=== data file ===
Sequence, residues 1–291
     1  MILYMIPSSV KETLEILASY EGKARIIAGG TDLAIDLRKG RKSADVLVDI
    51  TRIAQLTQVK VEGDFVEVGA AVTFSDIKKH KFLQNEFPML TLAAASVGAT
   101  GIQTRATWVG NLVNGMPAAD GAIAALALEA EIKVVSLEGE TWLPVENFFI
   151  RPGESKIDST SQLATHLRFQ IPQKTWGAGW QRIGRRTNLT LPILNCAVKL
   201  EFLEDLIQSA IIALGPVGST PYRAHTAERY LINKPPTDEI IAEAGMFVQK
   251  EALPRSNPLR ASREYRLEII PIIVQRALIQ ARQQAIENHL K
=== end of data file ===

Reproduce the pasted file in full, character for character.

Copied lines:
Sequence, residues 1–291
     1  MILYMIPSSV KETLEILASY EGKARIIAGG TDLAIDLRKG RKSADVLVDI
    51  TRIAQLTQVK VEGDFVEVGA AVTFSDIKKH KFLQNEFPML TLAAASVGAT
   101  GIQTRATWVG NLVNGMPAAD GAIAALALEA EIKVVSLEGE TWLPVENFFI
   151  RPGESKIDST SQLATHLRFQ IPQKTWGAGW QRIGRRTNLT LPILNCAVKL
   201  EFLEDLIQSA IIALGPVGST PYRAHTAERY LINKPPTDEI IAEAGMFVQK
   251  EALPRSNPLR ASREYRLEII PIIVQRALIQ ARQQAIENHL K